Pragya Singh

Editorial Writer

“To deny people their human rights is to challenge their very humanity”         ~NELSON MANDELA

What are human rights? The very basic definition of human rights is that they are rights inherent to all human beings, regardless of race, sex, nationality, ethnicity, language, or any other status. They are a set of moral principles for certain standards of human behaviour and are regularly protected in municipal and international law.

But can we really relate this ideal interpretation of human rights with how things work in our not so ideal world. The answer is far from yes. At present, we are witnessing a sky-high rise in financial inequality. People who are already rich are getting astonishingly rich while the ones who are trapped in poverty have a little chance to climb up the social ladder. Though governments and world organisations are doing their bit to pull them out of this vicious cycle of poverty but, sadly, these efforts are overpowered by the unequal distribution of wealth across the globe. Unfortunately, this leads to the exclusion of poor from the most basic human rights everyone is entitled to. Right to life and liberty, freedom from slavery and torture, freedom of opinion and expression, the right to work and education are some of the basic rights of every one of us. But extreme poverty doesn’t allow some to enjoy even these. For instance, such a dehumanising practice like manual scavenging is still prevalent in our country even after lawfully banning it. Don’t they deserve a life of dignity? Is the job of dealing with human excreta without any protective equipment, any less than torture? Do they freely choose it or poverty makes them do it? Apart from the critical health issues generally faced by manual scavengers, social discrimination is another aspect highlighted by this practice….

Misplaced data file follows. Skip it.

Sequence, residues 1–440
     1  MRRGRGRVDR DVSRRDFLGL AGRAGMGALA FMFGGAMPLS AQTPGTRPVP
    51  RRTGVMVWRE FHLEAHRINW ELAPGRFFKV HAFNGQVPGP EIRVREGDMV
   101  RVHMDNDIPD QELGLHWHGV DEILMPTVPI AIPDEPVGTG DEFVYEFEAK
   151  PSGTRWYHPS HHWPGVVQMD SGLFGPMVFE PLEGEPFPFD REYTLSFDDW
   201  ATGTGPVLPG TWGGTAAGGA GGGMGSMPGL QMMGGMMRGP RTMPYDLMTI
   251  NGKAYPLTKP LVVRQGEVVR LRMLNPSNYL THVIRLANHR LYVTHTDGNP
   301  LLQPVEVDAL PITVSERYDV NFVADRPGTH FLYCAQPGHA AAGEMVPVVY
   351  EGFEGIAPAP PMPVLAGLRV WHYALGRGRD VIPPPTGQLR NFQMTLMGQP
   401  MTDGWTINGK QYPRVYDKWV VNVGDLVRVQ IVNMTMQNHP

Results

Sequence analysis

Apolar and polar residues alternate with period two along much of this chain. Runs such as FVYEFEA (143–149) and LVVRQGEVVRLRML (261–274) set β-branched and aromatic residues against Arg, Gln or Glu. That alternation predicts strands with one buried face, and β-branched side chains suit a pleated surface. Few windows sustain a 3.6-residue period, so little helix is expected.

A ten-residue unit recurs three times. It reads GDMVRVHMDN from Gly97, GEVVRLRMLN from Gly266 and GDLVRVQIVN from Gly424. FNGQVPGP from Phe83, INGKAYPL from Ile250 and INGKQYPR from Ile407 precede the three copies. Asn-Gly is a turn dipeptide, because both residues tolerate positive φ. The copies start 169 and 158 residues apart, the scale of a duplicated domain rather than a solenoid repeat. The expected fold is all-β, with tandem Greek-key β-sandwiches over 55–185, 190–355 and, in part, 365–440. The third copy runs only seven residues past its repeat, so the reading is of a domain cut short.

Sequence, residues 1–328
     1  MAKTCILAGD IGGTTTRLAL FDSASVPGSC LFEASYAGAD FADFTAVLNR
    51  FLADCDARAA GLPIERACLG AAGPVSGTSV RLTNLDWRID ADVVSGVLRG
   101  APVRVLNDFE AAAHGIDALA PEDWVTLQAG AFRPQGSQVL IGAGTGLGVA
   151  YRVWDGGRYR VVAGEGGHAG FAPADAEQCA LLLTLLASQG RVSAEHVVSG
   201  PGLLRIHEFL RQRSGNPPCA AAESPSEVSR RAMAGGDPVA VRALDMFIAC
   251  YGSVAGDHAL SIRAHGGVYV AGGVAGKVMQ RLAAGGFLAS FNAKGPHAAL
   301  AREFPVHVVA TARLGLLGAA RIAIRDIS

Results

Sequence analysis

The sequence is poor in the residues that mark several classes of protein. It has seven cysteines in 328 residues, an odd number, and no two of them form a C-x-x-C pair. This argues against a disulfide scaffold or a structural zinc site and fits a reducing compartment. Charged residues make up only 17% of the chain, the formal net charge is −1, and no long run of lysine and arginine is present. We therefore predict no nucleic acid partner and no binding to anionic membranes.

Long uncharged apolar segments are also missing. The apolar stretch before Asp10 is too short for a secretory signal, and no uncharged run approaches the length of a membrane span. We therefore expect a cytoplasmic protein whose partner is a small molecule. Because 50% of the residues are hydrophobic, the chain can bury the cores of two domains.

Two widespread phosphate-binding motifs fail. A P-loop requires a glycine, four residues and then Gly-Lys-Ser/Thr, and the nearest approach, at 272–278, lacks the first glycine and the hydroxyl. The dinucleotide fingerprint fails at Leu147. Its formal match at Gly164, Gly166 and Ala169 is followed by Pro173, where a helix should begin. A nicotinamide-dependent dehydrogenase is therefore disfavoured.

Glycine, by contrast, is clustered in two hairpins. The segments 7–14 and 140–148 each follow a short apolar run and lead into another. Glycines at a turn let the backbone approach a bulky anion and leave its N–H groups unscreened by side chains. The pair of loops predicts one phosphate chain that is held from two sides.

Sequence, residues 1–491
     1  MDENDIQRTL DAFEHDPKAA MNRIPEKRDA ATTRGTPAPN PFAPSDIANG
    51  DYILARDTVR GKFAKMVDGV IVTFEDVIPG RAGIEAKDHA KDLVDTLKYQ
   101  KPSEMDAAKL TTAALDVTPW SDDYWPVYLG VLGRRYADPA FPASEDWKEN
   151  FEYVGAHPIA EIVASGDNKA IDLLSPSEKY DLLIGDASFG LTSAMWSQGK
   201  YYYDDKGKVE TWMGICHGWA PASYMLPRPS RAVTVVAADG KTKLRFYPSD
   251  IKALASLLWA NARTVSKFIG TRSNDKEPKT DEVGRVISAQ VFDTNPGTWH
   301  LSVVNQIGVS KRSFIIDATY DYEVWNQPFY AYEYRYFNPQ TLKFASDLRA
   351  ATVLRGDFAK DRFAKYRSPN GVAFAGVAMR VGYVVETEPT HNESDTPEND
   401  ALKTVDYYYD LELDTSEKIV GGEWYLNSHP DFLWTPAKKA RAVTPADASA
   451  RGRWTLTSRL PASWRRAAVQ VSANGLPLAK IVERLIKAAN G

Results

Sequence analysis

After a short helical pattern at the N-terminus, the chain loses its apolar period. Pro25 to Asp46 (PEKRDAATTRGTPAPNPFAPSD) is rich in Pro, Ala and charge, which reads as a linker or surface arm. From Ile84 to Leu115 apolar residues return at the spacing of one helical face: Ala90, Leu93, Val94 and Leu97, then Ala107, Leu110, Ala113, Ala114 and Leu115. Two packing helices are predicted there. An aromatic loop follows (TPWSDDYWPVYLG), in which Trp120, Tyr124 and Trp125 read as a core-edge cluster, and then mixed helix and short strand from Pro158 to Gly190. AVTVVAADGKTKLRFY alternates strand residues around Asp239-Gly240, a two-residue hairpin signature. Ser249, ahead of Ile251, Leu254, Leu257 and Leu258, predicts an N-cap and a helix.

There is no doubt that we, as a society, have been successful in eradicating discrimination on the basis of gender, caste, religion, but this has been possible, mainly for the upper and middle strata of society. For lower class, limitations in financial assets and lack of general awareness, still push their comparatively weaker sections like females, lower castes and religious minorities, to the levels from where they can’t access these rights. Poor and the backward are always on the agenda of the government but still the efforts have never been that successful. It is necessary for the government to work with the big corporates of our country in a synergic way and make the wider population of our country financially robust. With financial prosperity, eventually all things will fall into place and we will have a nation where every citizen would proudly enjoy their basic rights.